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Postby djacks » Sat Jan 28, 2006 8:58 pm

GotowarMissAgnes wrote:Vlad, using OPS+ as the measure:
Best year was at age 24, followed by 26, 29, 28, 22, 27, 23, 25, 21.
Looks to me like your summary of his performance is wrong. His best years have been between 24 to 29, while his worst years were 21-25.

Berkman: 25, 28, 26, 29, 27, 24. Not sure what you see wrong with this pattern. Came up at 23, and has been in his peak years around 25-28, as the model suggests. Not even really in a decline phase yet.

Beltre: pass. The model doesn't claim to predict every player perfectly.

Utley could be like Ortiz, though your description of his career isn't right. Ortiz had several years of VERY strong performance in the major leagues from age 21 to 26, while Utley at some of those ageas was still trying to cope with AAA pitching or performing at a much lower level than Ortiz did..


Ortiz had some VERY strong performances from age 21 to 26...!?!?... 8-o

Year Team AB R H HR RBI BB SB BA OBP SLG
2002 MIN 412 52 112 20 75 43 1 0.2718 0.3391 0.5000
2001 MIN 303 46 71 18 48 40 1 0.2343 0.3237 0.4752
2000 MIN 415 59 117 10 63 57 1 0.2819 0.3640 0.4458
1999 MIN 20 1 0 0 0 5 0 0.0000 0.2000 0.0000
1998 MIN 278 47 77 9 46 39 1 0.2770 0.3712 0.4460
1997 MIN 49 10 16 1 6 2 0 0.3265 0.3529 0.4490

Even if you combine ALL those years his best is 20HR and .839 OPS...I hate to see what you call a poor year if these are VERY strong years. Are you kidding me???

Your info of Berkman is close except his OPS was actually higher at age 24 than at age 29 or 27...it was lowest at age 27.

Vladdy's prime OPS years have been 23-28, I agree...but his best pure power numbers have come at the ages of 22,23,24, and 28...showing you can improve after the "magical" age of 27...(WOW!...players actually can improve after 27?...don't tell Peter Gammons!)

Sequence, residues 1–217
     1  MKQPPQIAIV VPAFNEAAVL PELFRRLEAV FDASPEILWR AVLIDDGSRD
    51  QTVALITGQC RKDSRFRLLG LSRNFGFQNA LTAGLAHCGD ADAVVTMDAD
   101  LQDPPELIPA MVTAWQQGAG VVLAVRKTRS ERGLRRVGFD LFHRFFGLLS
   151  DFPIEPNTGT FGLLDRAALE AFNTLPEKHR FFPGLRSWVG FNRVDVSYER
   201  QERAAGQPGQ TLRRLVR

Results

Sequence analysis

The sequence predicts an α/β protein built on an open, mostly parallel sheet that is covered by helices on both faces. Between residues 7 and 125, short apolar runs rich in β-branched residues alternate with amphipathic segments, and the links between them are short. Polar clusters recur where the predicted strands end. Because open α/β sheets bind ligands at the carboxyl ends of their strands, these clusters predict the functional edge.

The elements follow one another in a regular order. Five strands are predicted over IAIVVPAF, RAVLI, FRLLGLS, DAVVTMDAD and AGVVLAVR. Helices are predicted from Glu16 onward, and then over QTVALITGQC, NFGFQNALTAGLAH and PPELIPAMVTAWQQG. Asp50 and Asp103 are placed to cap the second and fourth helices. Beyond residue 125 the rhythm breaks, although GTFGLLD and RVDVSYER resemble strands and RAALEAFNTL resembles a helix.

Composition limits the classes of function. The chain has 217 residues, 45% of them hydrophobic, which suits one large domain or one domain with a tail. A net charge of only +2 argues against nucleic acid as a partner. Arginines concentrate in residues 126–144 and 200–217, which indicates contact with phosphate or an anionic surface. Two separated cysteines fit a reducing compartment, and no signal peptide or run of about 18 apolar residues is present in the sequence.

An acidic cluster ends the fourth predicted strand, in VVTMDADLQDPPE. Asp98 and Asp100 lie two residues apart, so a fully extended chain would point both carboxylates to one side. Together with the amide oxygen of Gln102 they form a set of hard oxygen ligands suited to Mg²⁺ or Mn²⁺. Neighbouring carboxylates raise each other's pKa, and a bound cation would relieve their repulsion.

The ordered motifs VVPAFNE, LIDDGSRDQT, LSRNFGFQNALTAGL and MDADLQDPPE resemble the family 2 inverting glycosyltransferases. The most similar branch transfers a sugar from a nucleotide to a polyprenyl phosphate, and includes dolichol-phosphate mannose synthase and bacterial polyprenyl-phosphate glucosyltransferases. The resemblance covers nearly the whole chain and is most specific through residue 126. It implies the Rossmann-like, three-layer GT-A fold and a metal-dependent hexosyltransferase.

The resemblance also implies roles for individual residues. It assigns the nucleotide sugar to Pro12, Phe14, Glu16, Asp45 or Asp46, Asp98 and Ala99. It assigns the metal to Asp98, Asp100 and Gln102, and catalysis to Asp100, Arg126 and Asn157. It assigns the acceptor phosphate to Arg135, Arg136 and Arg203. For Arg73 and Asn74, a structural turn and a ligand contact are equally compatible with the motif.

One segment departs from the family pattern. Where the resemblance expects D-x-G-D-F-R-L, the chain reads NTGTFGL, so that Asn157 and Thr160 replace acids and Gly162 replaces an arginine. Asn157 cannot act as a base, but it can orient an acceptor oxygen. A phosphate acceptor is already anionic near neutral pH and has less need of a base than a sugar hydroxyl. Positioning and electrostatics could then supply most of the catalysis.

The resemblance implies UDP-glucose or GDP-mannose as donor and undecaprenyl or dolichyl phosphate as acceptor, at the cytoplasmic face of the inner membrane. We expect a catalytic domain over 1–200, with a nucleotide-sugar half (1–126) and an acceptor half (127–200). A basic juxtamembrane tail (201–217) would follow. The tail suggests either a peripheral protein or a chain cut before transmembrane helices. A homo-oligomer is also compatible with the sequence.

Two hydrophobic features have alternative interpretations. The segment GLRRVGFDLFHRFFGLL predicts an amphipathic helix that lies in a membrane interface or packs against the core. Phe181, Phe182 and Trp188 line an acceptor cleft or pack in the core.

And I know of all the "studies" that show these projections...but you never indicated exactly where your numbers came from. How did you come up with your projected OPS numbers for Wright and Utley? Are they your personal projections or what?
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Postby Ender » Sat Jan 28, 2006 11:09 pm

Basically, what this boils down to is this (from the pro-Wright crowd):

1. Wright is younger and will contintue to improve and get better.
2. Then, when the magical age of 27 hits, he will only then approach his peak and improve that much more.
3. Utley is older so his improvement will not be on the same grade as Wright and is a long-shot to improve over his last year at all.


Thats not what I meant at all. What I personally meant was that Utley's numbers spiked last year while Wrights didn't really improve. In the majority of cases a spike in power and speed is followed the next year by a slight regression and then normal growth the next year. Its pretty unlikely that Utley's PX spikes almost 50 points and he maintains it. I think Utleys upside is a repeat of last year and his downside is a slight regression, I think Wrights downside is a repeat of last year and his upside is a slight improvement.

Also Utley spent more time in the minors and especially AAA than Wright, not sure why people keep saying otherwise.
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Postby GotowarMissAgnes » Sat Jan 28, 2006 11:27 pm

djacks wrote:Ortiz had some VERY strong performances from age 21 to 26...!?!?... 8-o

Year Team AB R H HR RBI BB SB BA OBP SLG
2002 MIN 412 52 112 20 75 43 1 0.2718 0.3391 0.5000
2001 MIN 303 46 71 18 48 40 1 0.2343 0.3237 0.4752
2000 MIN 415 59 117 10 63 57 1 0.2819 0.3640 0.4458
1999 MIN 20 1 0 0 0 5 0 0.0000 0.2000 0.0000
1998 MIN 278 47 77 9 46 39 1 0.2770 0.3712 0.4460
1997 MIN 49 10 16 1 6 2 0 0.3265 0.3529 0.4490

Even if you combine ALL those years his best is 20HR and .839 OPS...I hate to see what you call a poor year if these are VERY strong years. Are you kidding me???